Who has won the most foursomes points for Europe at The Ryder Cup?
The Ryder Cup throws up plenty of unique challenges for the stars of world golf, but hitting alternate shots with a playing partner in foursomes is arguably the biggest test of all for players who are accustomed to playing and planning for every single shot themselves.
But which player has won the most foursomes points for Europe at The Ryder Cup?
Bernhard Langer is the player with the most foursomes points for Europe at The Ryder Cup, with 11.5 points.
The German has played in ten Ryder Cups between 1981 and 2002, one off Nick Faldo’s record of 11, and has competed in 42 matches overall – four off Faldo’s record total of 46 matches played.
Of those 42 matches, 18 of those have been foursomes matches. In his first Ryder Cup appearance in 1981 at Walton Heath, England, Langer did not pick up a single point in two foursomes matches alongside Manuel Piñero – he did, however, pick up a half point in the singles, halving his match with Bruce Lietzke as Europe were defeated 18.5 – 9.5 by the USA.
Langer teed it up in the very first match of the The 1983 Ryder Cup at PGA National Golf Club, Florida, alongside Sandy Lyle, but they were defeated by the foursomes pairing of Tom Watson and Ben Crenshaw. The German finally picked up his first foursomes point the following day alongside Nick Faldo, defeating Ben Crenshaw and Calvin Peete.
Langer went on to beat Gil Morgan in the singles as Europe came close to picking up its first Ryder Cup win on American soil, losing out on a scoreline of 14.5 – 13.5.
Langer picked up one point in two foursomes matches at The 1985 Ryder Cup, winning his day two foursomes match 3&2 alongside Ken Brown against Ray Floyd & Lanny Wadkins, having been defeated 3&2 in the day one foursomes match - alongside Nick Faldo – by Calvin Peete and Tom Kite. Langer beat Hal Sutton in his singles match as Europe beat USA 16.5 – 11.5 at The Belfry.
His partnership with Brown was not quite as successful at the next time of asking, the duo defeated 2&1 in the day one foursomes by Hal Sutton and Dan Pohl at The 1987 Ryder Cup, but he did win his day two foursomes matches alongside Sandy Lyle – defeating Lanny Wadkins and Larry Nelson 2&1. Langer halved his singles match with Larry Nelson as Europe defeated USA 15 – 13 at Muirfield Village in Ohio.
At The 1989 Ryder Cup, Langer and Ronan Rafferty were defeated 2&1 in the day one foursomes by Mark Calcavecchia and Ken Green – Langer’s only foursomes match of the tournament at The Belfry, England. Langer was beaten in the singles by Chip Beck but Europe retained the trophy thanks to a 14 – 14 tie with the USA.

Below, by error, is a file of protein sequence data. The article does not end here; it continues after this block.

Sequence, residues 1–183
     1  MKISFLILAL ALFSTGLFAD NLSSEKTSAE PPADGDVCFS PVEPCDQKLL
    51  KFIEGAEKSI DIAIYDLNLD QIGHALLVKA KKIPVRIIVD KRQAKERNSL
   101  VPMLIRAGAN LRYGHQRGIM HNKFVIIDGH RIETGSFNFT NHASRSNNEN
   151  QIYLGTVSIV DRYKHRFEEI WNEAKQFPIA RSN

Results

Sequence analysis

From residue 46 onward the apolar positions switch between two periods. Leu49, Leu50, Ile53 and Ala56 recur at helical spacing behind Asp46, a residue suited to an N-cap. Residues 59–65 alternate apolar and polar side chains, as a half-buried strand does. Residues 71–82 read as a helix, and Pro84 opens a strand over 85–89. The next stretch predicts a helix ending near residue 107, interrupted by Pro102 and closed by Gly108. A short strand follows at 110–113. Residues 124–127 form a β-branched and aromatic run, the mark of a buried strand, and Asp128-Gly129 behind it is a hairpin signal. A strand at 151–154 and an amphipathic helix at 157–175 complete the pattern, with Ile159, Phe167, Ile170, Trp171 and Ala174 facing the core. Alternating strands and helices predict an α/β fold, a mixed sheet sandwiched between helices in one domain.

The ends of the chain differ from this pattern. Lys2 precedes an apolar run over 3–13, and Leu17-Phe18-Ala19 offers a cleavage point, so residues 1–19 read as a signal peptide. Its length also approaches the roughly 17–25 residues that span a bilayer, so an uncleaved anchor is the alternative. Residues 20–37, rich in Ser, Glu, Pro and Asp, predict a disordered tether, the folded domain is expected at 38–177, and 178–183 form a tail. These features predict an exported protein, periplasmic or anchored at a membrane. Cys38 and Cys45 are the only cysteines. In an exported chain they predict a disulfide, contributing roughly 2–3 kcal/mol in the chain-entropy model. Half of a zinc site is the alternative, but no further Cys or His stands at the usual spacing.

Langer once again played just one foursomes match at The 1991 Ryder Cup at Kiawah Island, on day one alongside Mark James. They were defeated 2&1 by the USA’s Fred Couples and Raymond Floyd. Langer halved his singles match with Hale Irwin as Europe were beaten 14.5 – 13.5 by the USA.
Two years later at The Belfry, Langer formed a strong partnership with Ian Woosnam as they picked up two points from two foursomes matches, beating Payne Stewart and Paul Azinger 7&5 in the day one foursomes and then overcoming Azinger and Fred Couples 2&1 in the day two foursomes.
They would be Langer’s only two points from four matches in the 1993 edition as USA beat Europe 15 – 13.
Langer’s strength at Ryder Cup foursomes was really starting to show and, at Oak Hill in 1995, he once again picked up his only two points from four matches in the foursomes – first alongside Per-Ulrich Johansson as they beat Ben Crenshaw and Curtis Strange 1up on day one, and then alongside David Gilford as that duo beat Tom Lehman and Corey Pavin 4&3 on day two.
Europe mounted a stunning comeback on the final day to beat the USA 14.5 – 13.5 on American soil.
At The 1997 Ryder Cup in Valderrama, Langer formed a deadly foursomes partnership with fellow European Tour legend Colin Montgomerie, the duo picking up two points from two in the alternate shot format, beating Mark O’Meara and Tiger Woods 5&3 on day one and overcoming Lee Janzen and Jim Furyk 1up on day two.
Langer would win his singles match against Brad Faxon as Europe famously triumphed 14.5 – 13.5 under the captainship of the late, great Seve Ballesteros.
That Langer-Montgomerie duo would reform to devastating effect once again at The 2002 Ryder Cup as they picked up two and a half points from three matches playing together – halving their day one foursomes match against Phil Mickelson and David Toms, and winning their day two Foursomes match 1up against Scott Verplank and Scott Hoch.
Langer would beat Hal Sutton in the singles as Europe won 15.5 – 12.5.
That triumph would prove a glorious swansong in Langer’s Ryder Cup playing career and two years later, we would captain Europe to a remarkable 18.5 – 9.5 triumph over the USA on American soil at Oakland Hills, Europe’s largest margin of victory in the history of the event.
A true Ryder Cup hero.